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Confit is another treasure from Southwestern France. The geese and ducks that supply us with foie gras are also responsible for another culinary delight: confits. After the liver is removed, the goose or duck meat is lifted from the carcass (it is then called "le paletot" or vest), and quartered. This is why confits are sometimes called "quartiers". The leg quarters include leg and thigh, the wing quarters are composed of wing and breast.

How confit is made. The pieces of meat are rubbed with a mixture of salt and spices and placed in an earthenware pot , covered with salt for 24 hours. The meat is removed from the pot and the salt brushed off. Goose or duck fat is melted in a big pot and the pieces of meat are added and left to simmer in the fat for an hour and a half. The quarters are drained and placed in the earthenware jar; hot fat is strained over them so they are completely covered. As it cools down, the fat congeals and the confits can be saved several months, sous la graisse. In fact, this is how they were preserved before the day of refrigeration: the fat covering the confit makes an effective barrier against the air. The result is quite amazing: the meat is mellow, tender and very flavorful! In fact, most Americans who taste confit for the first time can hardly believe they are eating goose or duck.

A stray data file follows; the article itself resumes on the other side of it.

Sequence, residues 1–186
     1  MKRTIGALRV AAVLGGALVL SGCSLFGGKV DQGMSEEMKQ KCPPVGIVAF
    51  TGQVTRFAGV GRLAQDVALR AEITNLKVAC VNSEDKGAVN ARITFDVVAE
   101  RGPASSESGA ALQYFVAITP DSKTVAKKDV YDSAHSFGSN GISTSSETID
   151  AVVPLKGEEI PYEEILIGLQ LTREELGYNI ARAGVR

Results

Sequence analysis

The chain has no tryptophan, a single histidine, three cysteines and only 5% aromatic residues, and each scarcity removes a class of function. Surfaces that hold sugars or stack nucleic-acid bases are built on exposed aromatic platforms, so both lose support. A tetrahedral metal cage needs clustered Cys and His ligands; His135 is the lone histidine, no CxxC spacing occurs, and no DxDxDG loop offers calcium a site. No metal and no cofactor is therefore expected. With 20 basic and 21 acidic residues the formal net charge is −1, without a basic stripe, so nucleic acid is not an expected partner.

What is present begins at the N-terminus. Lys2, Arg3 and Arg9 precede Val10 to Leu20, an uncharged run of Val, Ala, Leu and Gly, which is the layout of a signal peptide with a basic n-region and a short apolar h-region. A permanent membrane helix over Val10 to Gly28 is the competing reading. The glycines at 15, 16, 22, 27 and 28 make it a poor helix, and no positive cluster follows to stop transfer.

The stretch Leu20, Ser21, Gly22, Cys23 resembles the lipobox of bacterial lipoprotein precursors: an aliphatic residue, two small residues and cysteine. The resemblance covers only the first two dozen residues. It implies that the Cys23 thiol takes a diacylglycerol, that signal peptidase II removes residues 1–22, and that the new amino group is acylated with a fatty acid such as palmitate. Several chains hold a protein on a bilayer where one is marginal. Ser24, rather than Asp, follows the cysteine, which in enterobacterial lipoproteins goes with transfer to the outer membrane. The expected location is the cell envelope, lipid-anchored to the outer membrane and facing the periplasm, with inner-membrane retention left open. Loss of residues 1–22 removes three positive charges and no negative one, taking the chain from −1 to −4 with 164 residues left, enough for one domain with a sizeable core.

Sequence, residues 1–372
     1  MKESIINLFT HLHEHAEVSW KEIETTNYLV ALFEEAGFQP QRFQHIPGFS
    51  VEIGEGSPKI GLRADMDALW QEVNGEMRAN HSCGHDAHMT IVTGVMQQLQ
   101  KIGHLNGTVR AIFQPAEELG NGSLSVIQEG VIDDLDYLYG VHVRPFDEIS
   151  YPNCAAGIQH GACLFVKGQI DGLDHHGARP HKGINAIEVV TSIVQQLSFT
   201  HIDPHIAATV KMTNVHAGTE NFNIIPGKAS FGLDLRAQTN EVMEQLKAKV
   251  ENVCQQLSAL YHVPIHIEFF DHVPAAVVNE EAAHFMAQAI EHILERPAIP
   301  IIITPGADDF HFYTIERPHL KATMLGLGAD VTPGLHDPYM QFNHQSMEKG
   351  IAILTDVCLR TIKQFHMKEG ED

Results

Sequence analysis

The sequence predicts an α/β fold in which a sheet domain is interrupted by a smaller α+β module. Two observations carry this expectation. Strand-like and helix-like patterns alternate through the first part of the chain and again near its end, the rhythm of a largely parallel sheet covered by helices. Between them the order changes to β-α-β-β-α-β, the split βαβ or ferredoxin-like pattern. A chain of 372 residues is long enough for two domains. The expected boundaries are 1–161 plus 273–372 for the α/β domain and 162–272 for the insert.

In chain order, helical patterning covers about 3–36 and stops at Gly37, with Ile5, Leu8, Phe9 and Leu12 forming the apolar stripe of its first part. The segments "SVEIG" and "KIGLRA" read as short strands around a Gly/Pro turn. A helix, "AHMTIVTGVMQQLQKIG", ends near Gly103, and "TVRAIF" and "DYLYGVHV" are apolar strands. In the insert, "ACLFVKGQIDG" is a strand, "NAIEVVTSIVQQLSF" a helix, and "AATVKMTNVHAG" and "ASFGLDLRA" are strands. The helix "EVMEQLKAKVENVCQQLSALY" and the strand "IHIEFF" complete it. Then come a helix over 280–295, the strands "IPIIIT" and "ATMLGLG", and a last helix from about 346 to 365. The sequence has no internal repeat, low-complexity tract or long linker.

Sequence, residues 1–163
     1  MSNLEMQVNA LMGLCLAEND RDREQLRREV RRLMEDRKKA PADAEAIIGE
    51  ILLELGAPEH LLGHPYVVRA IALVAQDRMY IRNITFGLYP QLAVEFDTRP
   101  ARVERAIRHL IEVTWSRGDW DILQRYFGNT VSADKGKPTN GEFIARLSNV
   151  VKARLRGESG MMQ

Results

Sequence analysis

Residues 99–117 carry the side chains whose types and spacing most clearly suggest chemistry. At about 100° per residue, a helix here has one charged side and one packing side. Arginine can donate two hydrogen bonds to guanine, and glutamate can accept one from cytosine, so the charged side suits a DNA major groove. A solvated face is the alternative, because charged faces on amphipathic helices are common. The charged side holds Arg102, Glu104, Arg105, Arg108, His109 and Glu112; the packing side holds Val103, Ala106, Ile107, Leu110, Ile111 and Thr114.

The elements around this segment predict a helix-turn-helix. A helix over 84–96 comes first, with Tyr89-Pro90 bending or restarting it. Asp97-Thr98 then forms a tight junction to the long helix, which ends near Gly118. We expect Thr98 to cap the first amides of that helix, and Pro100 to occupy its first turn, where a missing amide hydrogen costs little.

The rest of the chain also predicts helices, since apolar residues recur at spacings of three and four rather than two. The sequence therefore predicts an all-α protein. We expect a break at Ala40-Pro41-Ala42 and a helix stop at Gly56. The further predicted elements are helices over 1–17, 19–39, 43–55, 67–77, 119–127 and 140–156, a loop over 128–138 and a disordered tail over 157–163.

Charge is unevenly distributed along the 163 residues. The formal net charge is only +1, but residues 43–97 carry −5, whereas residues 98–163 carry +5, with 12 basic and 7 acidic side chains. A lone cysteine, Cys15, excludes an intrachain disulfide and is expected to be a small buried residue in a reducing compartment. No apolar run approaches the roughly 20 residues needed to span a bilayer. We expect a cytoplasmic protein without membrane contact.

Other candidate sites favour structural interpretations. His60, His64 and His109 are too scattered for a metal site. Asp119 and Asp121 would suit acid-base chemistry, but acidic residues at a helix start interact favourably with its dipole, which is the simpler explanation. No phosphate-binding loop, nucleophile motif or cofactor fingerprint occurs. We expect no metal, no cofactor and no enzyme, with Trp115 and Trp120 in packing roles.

Serving confit. Confit is already fully cooked and just needs to be warmed up if desired (it is also very good cold with a green salad). First, srape off and save all excess fat that clings to the meat. If you purchased canned confit from France, you may place the open can in a double-boiler and melt the fat: it will be easier to remove the meat from the can. Drain the duck or goose pieces well. Grill for 5-10 minutes under the broiler (skin up) or in a frying pan on low heat (skin down). Serve with Potatoes sarladaises. Make a risotto that is packed with flavor by incorporating shredded confit meat, rehydrated cèpes mushrooms and green peas. Goose or duck confit is also a key ingredient of Cassoulet.

Using goose and duck fat. Goose or duck fat is often used in Périgord recipes in lieu of oil or butter; brown green vegetables in goose fat for a unique flavor. Another little-known trick with goose fat: when roasting a chicken, rub the skin with goose fat (instead of using oil or butter) and baste regularly: the chicken skin will be golden and very crispy, and the fat will impart a nice deep flavor to an otherwise bland American chicken. Goose and duck fat will save many months in the fridge, as long as all meat particles have been removed: melt the fat in a saucepan and filter through a sieve into a clean glass jar.

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